Characters Discussed

(Great Characters in Literature)

Oliver Andersen

Oliver Andersen, a man who lost a leg and possibly (the villagers speculate) something more in a mysterious shipboard accident. Lazy, self-seeking, and full of guile, Oliver is nevertheless charming and sympathetic. He drifts from job to job, never failing to capitalize on his handicap. With his wife, Petra, he rears a large family (though his paternity is questionable) and is much like a self-indulgent, boastful child himself. Fortune and misfortune alike leave Oliver unfazed for long; he squanders the gains from his spectacular salvage of a wrecked ship and from his discovery of the loot from a mail robbery, but his resiliency and cunning enable him time after time to turn misfortune to his advantage.

Petra Andersen

Petra Andersen, an attractive woman who is engaged to Oliver before his accident but who rejects him for Mattis the Carpenter when Oliver returns disabled. Later, she reconsiders and marries him, and shortly thereafter she bears a son. Her repeated “visits” to Scheldrup Johnsen, the wealthy double consul’s son, and to lawyer Fredriksen, who holds the Andersens’ mortgage, often save the family from financial ruin.

Frank Andersen

Frank Andersen, Petra’s eldest son, who is introverted and academically brilliant. He studies languages at the university and eventually returns to the village as headmaster of the local senior school.

Abel Andersen

Abel Andersen, Petra’s second son, a blacksmith. Called the Squirrel as a child, he is lively, industrious, and straightforward. His infatuation with Little Lydia and his unswerving determination to marry her despite her equally determined...

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The Women at the Pump The Characters

(Literary Essentials: World Fiction)

Besides Oliver Andersen and his family, Hamsun has included representatives from all social strata of the town, from Double Counsel Johnsen (tradesman, shipowner, and recipient of the Cross of Danish Order of Knighthood) to Olaus the Glazier (foul-mouthed town drunk, blue and disfigured from a blasting charge which exploded in his face, and lacking one hand). Yet Hamsun’s omniscient editorial narrative technique allows readers to see that there is little real difference between the “high” and the “low,” except that the “high” have more money. It seems that both Johnsen and his son, Scheldrup, have had sexual relationships with Petra Andersen, as has another town luminary, Frederickson the Lawyer, member of the Storthing. Frederickson can be persuaded not to foreclose the mortgage that he holds on Oliver’s house if he receives frequent visits from Petra. Supposedly, he would like to marry Fia, daughter of Counsel Johnson. Yet when it appears that Johnsen’s ship, the Fia, has sunk uninsured and that Johnsen’s financial ruin is imminent, Frederickson finds it easy to shift his attentions to Froken Olsen, whose father’s financial prospects are improving. The Doctor is yet another particularly repellent character—bitter, arrogant, and cruel. Hamsun reserves his purest scorn for such white-collar types, showing them to be calculating, ruthless, corrupt little men.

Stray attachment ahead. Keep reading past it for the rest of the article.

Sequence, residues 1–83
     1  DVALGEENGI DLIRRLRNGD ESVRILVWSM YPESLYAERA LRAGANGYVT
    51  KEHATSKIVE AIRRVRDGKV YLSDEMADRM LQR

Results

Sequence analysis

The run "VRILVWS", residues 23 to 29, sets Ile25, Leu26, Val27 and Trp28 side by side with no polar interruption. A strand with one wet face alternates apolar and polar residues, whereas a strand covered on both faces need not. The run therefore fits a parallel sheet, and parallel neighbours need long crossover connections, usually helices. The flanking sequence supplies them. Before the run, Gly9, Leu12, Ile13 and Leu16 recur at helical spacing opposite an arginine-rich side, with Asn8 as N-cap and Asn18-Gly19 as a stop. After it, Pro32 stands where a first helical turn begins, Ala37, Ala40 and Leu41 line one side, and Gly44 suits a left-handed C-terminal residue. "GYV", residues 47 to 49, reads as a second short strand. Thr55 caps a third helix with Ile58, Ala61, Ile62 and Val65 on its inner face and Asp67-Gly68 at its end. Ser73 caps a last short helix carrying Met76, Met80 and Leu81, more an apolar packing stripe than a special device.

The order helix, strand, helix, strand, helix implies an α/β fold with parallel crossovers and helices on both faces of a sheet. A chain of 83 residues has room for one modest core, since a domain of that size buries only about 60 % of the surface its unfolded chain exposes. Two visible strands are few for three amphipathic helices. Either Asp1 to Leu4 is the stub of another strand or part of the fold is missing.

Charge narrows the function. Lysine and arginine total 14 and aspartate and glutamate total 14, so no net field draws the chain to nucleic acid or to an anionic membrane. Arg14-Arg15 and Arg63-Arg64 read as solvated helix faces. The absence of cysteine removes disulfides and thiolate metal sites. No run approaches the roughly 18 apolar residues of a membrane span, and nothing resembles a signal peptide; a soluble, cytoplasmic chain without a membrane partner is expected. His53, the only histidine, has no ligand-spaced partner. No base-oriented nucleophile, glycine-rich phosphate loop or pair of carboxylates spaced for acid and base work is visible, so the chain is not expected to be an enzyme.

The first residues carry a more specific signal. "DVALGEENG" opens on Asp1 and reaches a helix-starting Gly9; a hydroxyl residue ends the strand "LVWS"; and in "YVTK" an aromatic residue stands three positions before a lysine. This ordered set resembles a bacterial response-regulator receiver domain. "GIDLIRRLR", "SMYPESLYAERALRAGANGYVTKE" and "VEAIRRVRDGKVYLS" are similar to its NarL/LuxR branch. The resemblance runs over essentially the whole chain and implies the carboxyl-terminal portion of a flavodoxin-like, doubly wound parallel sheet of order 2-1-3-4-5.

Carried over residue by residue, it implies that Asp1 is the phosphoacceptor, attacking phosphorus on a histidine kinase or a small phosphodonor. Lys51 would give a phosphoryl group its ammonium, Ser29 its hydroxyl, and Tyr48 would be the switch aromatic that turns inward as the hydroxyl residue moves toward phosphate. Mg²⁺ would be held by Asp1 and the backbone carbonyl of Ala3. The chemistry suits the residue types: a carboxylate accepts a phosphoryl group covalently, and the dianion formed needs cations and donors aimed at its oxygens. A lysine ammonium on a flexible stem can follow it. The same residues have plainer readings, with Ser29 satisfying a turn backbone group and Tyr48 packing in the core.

Yet even when Hamsun presumably wishes to present a more positive character, as in the Postmaster, for example, the result is at best a shift from the repulsive to the merely exasperating. The Postmaster, a failed architect become full-time philosophical bore, tires everyone with his interminable babbling on such subjects as the transmigration of souls. After his son is implicated in a mail robbery, he loses his wits and seems to have been struck dumb.

Olaus the Glazier also comes to a bad end. As the town’s other notable cripple, he has had a relationship of complex hatred with Oliver. When Oliver’s pedant son, Frank, arrives home from his studies in order to assume the position of Headmaster, the drunken Olaus makes loud, taunting re-marks about Oliver’s impotence, Petra’s prodigious fertility, and Frank’s paternity. Oliver decides such insolence is not to be borne; it may even threaten Frank’s position. In the middle of the night, Oliver arranges for some oil barrels to tumble down and crush Olaus as he lies sleeping under a tarp on the wharf.

The Women at the Pump Bibliography

(Great Characters in Literature)

Ferguson, Robert. Enigma: The Life of Knut Hamsun, 1987.

Gustavson, Alrik. Six Scandinavian Novelists, 1940.

Larsen, Hanna Astrup. Knut Hamsun, 1922.

Naess, Harald. Knut Hamsun, 1984.

Naess, Harald. “Who Was Hamsun’s Hero?” in The Hero in Scandinavian Literature, 1975. Edited by John M. Weinstock and Robert T. Rovinsky.